'American Sniper' Trial: Eddie Ray Routh Knew His Actions Were Wrong, Psychologist Says

Two doctors were on the stand today at the "American Sniper" trial.

— -- Alleged killer Eddie Ray Routh had "paranoid personality disorder," which is not a mental disorder, and he knew what he was doing was wrong, a psychologist testified today at the "American Sniper" murder trial.

The past three days, the defense called family members, friends and a psychiatrist, who testified that Routh, who is accused of shooting and killing former Navy SEAL Chris Kyle and Kyle's friend Chad Littlefield at a Texas gun range, had serious mental-health issues before the murders in February 2013.

Forensic psychologist Randall Price, who was called by the prosecution today as a rebuttal witness, testified that Routh knew that what he was doing was wrong, ABC affiliate WFAA reported.

Price said that Routh had "paranoid personality disorder," which is not a mental disorder.

On Thursday, the defense called to the stand a psychiatrist who had interviewed Routh in the spring of 2014. Dr. Mitchell Dunn testified that Routh told him that one month before the shooting, Routh believed his co-workers were cannibals and wanted to eat him. Dunn said that it was his expert opinion that Routh suffered from mental illness.

But Price testified today that Routh's psychotic symptoms were largely due to marijuana and alcohol abuse, and heavy pot use "heightens suspiciousness" among people with paranoid personality disorder, according to WFAA.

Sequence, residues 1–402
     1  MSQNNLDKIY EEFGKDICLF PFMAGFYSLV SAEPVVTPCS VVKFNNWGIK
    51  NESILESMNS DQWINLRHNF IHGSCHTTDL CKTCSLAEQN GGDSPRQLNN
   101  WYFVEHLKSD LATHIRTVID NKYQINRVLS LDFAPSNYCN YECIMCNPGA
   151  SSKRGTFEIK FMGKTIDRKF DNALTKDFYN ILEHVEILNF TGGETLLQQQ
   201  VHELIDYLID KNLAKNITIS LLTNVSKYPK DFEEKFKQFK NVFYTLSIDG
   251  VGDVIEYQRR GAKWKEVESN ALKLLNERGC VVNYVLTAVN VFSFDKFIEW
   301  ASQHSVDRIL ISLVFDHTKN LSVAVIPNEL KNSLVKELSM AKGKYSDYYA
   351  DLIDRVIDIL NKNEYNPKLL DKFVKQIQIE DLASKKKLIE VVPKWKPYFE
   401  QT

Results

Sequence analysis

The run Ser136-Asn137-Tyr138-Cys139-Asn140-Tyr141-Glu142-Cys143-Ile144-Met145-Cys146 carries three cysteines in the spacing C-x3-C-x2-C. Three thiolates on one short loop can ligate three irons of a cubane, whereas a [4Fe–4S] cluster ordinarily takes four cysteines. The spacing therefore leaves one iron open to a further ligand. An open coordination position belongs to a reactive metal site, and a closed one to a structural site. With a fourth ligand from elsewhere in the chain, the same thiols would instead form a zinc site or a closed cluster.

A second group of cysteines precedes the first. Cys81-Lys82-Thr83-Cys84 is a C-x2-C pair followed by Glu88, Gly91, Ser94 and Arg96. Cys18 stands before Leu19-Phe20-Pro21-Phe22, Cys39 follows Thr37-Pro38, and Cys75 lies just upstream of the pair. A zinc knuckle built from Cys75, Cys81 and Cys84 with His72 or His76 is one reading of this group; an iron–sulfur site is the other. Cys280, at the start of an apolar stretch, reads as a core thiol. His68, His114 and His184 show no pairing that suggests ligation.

Price also testified that he suspects Routh is faking schizophrenia, according to WFAA. Price, who described Routh as someone who "angers easily," said the defendant was worried about guns and feared for his life.

The psychologist said Routh told him he thought about killing Kyle and Littlefield on the way to the gun range, but feared a truck crash, WFAA reported. Price added that Routh said he was immediately remorseful after the shooting.

But in cross examination, Price conceded that Routh did not sound "normal" in part of the confession.

The prosecution then called forensic expert Dr. Michael Arambula, who said that after an evaluation, he believed Routh was not insane at the time of murder because he was intoxicated, according to WFAA. If you are intoxicated on any substance, Arambula said, "the game is over in an insanity bout."

Arambula also said he does not believe Routh is schizophrenic. Routh turned his back to an armed Kyle, a move inconsistent with paranoia, Arambula told the court.

Arambula said Routh told him that he didn't have any issues with Kyle; he only wanted to kill Littlefield, but knew Kyle would kill him if he didn't shoot.

Kyle, who was considered the deadliest sniper in U.S. military history, wrote an autobiography that became the basis for the movie "American Sniper," starring Bradley Cooper.

ABC News' Ali Ehrlich contributed to this report.